COVID-19. (CDC)

COVID-19. (CDC)

Cases climb as outbreaks reported among seafood workers

Two Alaskans died this week and 16 more were hospitalized after contracting the disease.

This week in Alaska’s ongoing fight against the COVID-19 pandemic, the state identified four large, distinct outbreaks among seafood workers and reported a total of 591 new cases. In addition, two Alaskans died this week and 16 more were hospitalized after contracting the disease.

Gov. Mike Dunleavy held a press conference on Wednesday to address the continued rise in cases statewide. He strongly encouraged Alaskans to wear masks in public spaces when it is not possible to socially distance, in order to potentially slow the spread of the virus.

“We need the help of individual Alaskans,” Dunleavy said on Wednesday. “Not statewide mandates, but individual Alaskans. So when you wake up in the morning, put a mask in your pocket. If you’re going to come to a state building, throw the mask on if you can’t be 6 feet or more away from others. If you’re going to the store, throw the mask on as you’re in the store.”

Four companies, four communities, four outbreaks

The first outbreak tied to the seafood industry this week was identified in Dutch Harbor aboard the seafood processing vessel the American Triumph, which is part of the American Seafoods Fleet, according to a July 21 press release from the Department of Health and Social Services.

The ship docked in Dutch Harbor on July 16, where crew members were tested for COVID-19 upon arrival after they reported symptoms associated with the disease.

All crew members were tested at the Iliuliuk Family and Health Services Clinic at the U.S. Coast Guard dock in Dutch Harbor. By July 18, 85 of the 119 crew members tested positive. None of the crew members who tested positive were Alaska residents.

Alaska’s Chief Epidemiologist Dr. Joe McLaughlin called it “Alaska’s largest discrete outbreak to date” when it was first reported on Tuesday and said it highlighted how quickly the virus can spread in congregate settings such as seafood vessels or processing plants.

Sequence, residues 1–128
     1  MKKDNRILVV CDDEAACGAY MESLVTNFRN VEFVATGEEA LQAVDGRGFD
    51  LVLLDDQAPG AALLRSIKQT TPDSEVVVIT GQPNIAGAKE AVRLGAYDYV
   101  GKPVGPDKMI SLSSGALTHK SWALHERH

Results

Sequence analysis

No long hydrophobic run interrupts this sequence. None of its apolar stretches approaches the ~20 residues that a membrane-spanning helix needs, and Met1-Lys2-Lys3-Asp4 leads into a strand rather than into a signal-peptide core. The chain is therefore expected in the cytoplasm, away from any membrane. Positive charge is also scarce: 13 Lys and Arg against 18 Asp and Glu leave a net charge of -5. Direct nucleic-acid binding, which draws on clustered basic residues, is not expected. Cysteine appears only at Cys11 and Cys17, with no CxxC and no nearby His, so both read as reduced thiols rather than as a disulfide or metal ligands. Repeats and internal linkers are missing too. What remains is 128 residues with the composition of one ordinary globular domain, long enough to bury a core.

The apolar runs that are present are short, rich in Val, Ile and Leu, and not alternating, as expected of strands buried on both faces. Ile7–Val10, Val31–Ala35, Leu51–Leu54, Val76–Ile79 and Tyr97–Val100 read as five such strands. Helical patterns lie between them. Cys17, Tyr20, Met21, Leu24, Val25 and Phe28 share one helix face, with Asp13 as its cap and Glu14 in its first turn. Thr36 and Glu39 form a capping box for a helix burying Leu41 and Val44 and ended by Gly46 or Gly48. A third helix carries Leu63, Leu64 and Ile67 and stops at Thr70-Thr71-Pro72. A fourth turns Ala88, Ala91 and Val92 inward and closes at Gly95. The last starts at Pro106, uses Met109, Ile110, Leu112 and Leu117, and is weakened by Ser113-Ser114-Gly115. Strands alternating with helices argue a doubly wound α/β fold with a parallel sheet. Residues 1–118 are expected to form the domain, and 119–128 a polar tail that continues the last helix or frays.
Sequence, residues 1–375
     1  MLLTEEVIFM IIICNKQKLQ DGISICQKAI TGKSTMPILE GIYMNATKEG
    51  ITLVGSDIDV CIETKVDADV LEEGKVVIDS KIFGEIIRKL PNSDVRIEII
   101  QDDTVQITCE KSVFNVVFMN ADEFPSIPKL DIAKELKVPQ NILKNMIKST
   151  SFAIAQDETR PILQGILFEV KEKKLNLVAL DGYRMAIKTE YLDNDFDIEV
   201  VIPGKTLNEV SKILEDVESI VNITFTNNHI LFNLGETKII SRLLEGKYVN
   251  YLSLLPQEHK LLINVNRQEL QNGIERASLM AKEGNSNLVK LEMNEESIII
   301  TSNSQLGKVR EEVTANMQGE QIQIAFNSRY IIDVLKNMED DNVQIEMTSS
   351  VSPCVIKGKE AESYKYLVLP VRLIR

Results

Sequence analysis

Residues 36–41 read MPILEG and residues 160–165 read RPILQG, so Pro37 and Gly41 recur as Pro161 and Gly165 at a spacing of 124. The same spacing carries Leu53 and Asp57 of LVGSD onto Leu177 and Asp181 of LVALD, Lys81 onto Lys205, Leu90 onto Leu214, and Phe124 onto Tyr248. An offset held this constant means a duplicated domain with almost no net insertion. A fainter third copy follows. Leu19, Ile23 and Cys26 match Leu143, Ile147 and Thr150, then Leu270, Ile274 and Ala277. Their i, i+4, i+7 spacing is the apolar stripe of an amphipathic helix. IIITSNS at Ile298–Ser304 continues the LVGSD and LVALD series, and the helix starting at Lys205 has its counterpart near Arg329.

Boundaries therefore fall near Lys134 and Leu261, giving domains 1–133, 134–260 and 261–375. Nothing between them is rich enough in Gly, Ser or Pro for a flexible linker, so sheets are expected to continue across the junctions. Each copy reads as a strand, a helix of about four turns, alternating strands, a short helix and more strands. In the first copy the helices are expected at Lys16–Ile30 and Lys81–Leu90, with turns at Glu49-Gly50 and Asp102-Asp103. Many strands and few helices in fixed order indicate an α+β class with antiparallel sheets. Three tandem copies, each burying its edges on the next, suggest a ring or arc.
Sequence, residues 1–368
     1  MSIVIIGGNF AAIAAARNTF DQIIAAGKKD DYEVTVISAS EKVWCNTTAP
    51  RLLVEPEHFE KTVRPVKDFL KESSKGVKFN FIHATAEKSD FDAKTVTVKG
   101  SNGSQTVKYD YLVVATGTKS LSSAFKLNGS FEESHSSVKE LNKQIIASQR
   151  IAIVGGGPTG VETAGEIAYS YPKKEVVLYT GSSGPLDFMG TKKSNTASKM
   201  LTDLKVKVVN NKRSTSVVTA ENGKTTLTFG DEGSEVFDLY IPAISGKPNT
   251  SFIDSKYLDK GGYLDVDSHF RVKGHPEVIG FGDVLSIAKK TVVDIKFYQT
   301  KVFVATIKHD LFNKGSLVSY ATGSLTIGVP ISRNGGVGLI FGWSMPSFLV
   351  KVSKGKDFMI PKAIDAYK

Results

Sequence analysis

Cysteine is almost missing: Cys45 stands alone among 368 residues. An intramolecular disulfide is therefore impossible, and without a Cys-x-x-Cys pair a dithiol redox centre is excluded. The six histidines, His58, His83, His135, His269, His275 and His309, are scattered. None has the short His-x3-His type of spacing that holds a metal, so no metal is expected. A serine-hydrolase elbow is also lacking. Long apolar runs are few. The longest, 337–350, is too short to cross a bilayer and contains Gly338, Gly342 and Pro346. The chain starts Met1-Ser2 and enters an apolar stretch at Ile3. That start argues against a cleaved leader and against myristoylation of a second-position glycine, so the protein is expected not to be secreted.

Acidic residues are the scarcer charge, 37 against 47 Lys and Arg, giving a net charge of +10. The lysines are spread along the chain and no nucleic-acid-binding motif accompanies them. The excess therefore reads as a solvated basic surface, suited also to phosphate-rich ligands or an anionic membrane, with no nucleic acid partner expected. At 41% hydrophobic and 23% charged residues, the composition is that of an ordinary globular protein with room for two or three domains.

At the same time, public health officials identified an outbreak at Alaska Glacier Seafoods in Juneau that occurred as a result of spread within the community, according to a July 17 press release from the City and Borough of Juneau. By Tuesday of this week, 38 employees at the plant had tested positive for COVID-19 — eight residents and 30 nonresidents.

On Wednesday, DHSS reported a third outbreak that surpassed the American Triumph’s as the largest in Alaska — this time at the OBI Seafoods plant in Seward. The first case associated with this outbreak was identified when one of the plant’s employees sought medical care at the Providence Seward Medical Center for an unrelated health issue, according to a July 22 press release from the state. All 262 of the plant’s employees were subsequently tested and isolated. As of Friday, 98 of the employees had tested positive, according to a July 24 press release from the City of Seward.

All of the nonresident employees at OBI Seafoods as well as two of the 11 resident employees are now isolating in Anchorage, while the other nine resident employees who tested positive are isolating at their homes in Seward. All of the positive employees aboard the American Triumph were transported to Anchorage for isolation as well.

To end the week, a fourth outbreak was identified at Copper River Seafoods processing plant in Anchorage, where 56 out of 134 employees had tested positive for COVID-19 as of Saturday, according to a July 24 press release from the Municipality of Anchorage. Almost all of the employees at this plant are Anchorage residents. Anchorage’s Chief Medical Officer Dr. Bruce Chandler said in the press release that the outbreak likely reached more than just the seafood workers.

“This is a concerning situation for the people of Anchorage,” Chandler said. “With so many workers now testing positive, it is likely that this outbreak has been in progress for some time and that transmission has already occurred among family, friends and others in the community.”

In total, the four outbreaks associated with seafood processing facilities this week account for at least 277 new cases among residents and nonresidents. Not all of these cases have been included, however, in the data currently available on the state’s Coronavirus Response Hub. On Saturday, for example, the state reported 22 new nonresident cases in Seward, for a total of just 44 in the community since the beginning of the pandemic.

When asked why these outbreaks are not yet fully reflected in the state’s data, Alaska’s Chief Medical Officer Dr. Anne Zink said in a Zoom conference Thursday that large clusters are typically not reported all at once, and investigations by public health officials gradually confirm the residency and onset location for each case.

A footnote was included with the state’s July 24 press release that reads:

“Please note that occasionally there is a lag between cases being reported on the DHSS data dashboard and what local communities report as details are confirmed and documentation is received.”

COVID-19 in Alaska: By the numbers

With 591 new cases reported by DHSS this week, Alaska saw an average of 84 new cases per day. In the same period last week, a total of 385 cases were reported for an average of 55 per day.